A crackling brick fireplace, woodwork, and warm walls with black wainscoting add an air of rural elegance to The Big A Grillehouse, where chefs fire-grill substantial cuts of meat and twirl Italian pastas in savory sauces. After guests cartwheel up the porch steps and settle around white-draped tables to peruse the menu, servers whisk orders back to the kitchen, then bring back seafood-laden appetizers, traditional pasta dishes, and hand-cut, beautifully marbled USDA Choice rib eyes. Karaoke enlivens the bar on Saturdays from 9 p.m. to 2 a.m., and singers can stumble back in on a Sunday morning to have servers pour throat-soothing juices before they scope out a stuffed breakfast buffet or request one of chef Ron's made-to-order omelets. Lushly landscaped grounds feature brick paths, low-draping trees, and a front-side pond whose fountain frequently breaks into a beluga imitation. The space's seven dining rooms are ideal for events from weddings to The Big A Grillhouse's popular murder mystery meals.
The staff at Marley's Gotham Grill makes diners feel at home by serving up an extensive lunch and dinner menu of home-style entrees and grilled favorites. Handcrafted burgers are taken up a notch as hot sauce and pulled pork crown the beef patties, while paninis hold grilled and breaded chicken with marinara sauce and mozzarella between buttery slices of bread. The laidback eatery also puts a spin on traditional chicken wings by slathering them in forty types of sauce, from savory garlic parmesan to spicy red thai curry.
When not sating diners' appetites, the wood-accented restaurant stays busy sponsoring softball teams, hosting holiday parties, and running Texas Hold 'Em games, which involve using a deck of cards slathered in castor oil.
For Sean Ulley, the owner Smokehouse Barbecue in Somerville, grilling meats is a family tradition; his father runs his own barbecue joint in Andover. To infuse ribs, brisket, and pulled pork with deep flavor, Sean seasons the cuts with a dry rub and smoke them for up to 17 hours—as deliciously described in the Somerville Today. The cooks also make good use of their fryer, deep-frying everything from corn on the cob to Oreos. Patrons can also opt for fried chicken, burgers, or Creole dishes such as the Louisiana Steampot—a medley of clams, mussels, crawfish, and shrimp served over rice and garnished with a strand of sautéed Mardi Gras beads. In the summer and spring, diners can head to an outdoor patio to eat in the warmth of the sun.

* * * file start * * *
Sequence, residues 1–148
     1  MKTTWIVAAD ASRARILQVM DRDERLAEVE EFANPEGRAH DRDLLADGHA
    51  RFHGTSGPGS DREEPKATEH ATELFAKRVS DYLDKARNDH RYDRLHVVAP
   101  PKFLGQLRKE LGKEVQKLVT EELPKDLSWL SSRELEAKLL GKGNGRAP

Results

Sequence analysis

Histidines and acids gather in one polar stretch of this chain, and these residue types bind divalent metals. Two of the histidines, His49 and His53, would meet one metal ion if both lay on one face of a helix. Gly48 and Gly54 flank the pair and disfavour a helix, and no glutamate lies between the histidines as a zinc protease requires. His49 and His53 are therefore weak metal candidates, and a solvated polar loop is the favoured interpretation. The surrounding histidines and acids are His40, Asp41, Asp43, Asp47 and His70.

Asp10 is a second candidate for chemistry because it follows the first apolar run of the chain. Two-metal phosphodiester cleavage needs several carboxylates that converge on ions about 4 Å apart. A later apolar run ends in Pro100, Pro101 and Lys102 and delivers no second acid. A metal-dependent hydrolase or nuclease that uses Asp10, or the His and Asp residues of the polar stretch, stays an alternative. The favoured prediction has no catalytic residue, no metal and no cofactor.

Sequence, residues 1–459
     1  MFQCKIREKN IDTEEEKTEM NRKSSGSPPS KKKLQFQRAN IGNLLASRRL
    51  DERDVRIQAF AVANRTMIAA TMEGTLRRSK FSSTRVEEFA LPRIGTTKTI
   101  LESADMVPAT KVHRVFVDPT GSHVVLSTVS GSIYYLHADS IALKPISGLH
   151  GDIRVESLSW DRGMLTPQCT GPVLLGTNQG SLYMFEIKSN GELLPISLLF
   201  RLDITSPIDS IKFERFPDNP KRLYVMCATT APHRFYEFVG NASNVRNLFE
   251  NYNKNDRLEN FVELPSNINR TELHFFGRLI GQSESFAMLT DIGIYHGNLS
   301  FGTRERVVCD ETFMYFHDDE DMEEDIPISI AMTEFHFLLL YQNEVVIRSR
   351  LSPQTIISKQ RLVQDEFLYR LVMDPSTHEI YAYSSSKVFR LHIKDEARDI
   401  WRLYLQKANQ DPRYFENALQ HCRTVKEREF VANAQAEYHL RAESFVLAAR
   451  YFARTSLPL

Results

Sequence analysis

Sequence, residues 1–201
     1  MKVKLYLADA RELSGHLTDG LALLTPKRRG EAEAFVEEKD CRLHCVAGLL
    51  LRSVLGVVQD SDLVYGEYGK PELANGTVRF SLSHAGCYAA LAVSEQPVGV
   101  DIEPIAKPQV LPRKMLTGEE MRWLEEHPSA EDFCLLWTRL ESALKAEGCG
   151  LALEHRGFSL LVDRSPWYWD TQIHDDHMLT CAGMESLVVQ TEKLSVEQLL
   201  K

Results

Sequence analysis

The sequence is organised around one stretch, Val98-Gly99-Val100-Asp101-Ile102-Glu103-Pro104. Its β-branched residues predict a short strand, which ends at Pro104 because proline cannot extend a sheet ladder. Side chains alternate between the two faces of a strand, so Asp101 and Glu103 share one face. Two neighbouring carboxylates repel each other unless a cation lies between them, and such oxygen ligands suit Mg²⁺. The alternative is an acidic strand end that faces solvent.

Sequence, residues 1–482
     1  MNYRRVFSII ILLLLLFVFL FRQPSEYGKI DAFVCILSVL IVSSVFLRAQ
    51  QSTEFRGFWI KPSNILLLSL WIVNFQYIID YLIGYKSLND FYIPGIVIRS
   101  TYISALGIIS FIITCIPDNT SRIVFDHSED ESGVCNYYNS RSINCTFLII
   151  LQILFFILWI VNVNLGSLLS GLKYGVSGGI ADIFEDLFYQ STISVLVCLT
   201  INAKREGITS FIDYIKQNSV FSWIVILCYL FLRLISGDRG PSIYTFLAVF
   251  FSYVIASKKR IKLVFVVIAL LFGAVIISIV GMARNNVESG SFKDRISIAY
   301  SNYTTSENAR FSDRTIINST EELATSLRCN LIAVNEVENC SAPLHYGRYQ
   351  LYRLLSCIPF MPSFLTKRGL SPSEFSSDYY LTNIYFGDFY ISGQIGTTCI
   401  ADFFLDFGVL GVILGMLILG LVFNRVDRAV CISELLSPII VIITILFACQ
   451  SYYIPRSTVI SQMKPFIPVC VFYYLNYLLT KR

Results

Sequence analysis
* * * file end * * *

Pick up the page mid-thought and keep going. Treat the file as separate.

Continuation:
Speaking with Barbara Aichem-Koster, it's pretty clear that Black Forest Inn is a family business. "My father is head chef Heinrich. My brother is Heiner––short for Heinrich––and his two children are Heinrich and the other, Hansi. They're cooks too." Barbera and her kitchen full of Heinrichs have helped feed Stanhope for more than 34 years with what she calls German continental cuisine––a product of the elder Heinrich's rich culinary education.
"My father was born in Germany, learned to cook there and across Europe," she says. "He worked his way up in different restaurants. Then my brother went back to Germany and did the very same thing." It's this attention to tradition that Barbera credits to the freshness of the ingredients. "We try to use a lot of local produce in seasonal menus and specials. … We don't buy prepared items." Luckily for diners, that also means that the wurst sausages and the German-style pasta, or spaetzle, are housemade.
The elegantly rustic dining room has hand-painted stained-glass ceiling panels, exposed brick, and a hand-crafted bar stocked with a multitude of imported German beers. This, along with periodic live music, has helped bring a younger clientele to Black Forest. "I had a group of 20 young people in here for the Friday-night buffet. The staff pointed out what everything was, explained it to them. And one of the girls, she called later that week, wanted to say how fabulous it was. I grew up in this restaurant, so that was really nice to hear."
There are a lot of smiles in the restaurant photo album of J. Michael's Northern Cucina. Customers, cooks, and the Dicataldo family?who own and operate the eatery with a little help from their tiniest member?all showcase shining grins. It's clear J. Michael's is a friendly place, and with dishes like beet-leaf-topped white pizza, it's clear that it's also unique. Specialty pizzas, pastas, and Italian entrees inspire nostalgia and anchor dining-room gatherings. The chefs also cater, whipping up trays of chicken saltimbocca, as well as party subs crammed into pi?atas. "Make our kitchen yours," say the Dicataldos, and between the grins and the classic flavors, many diners do just that.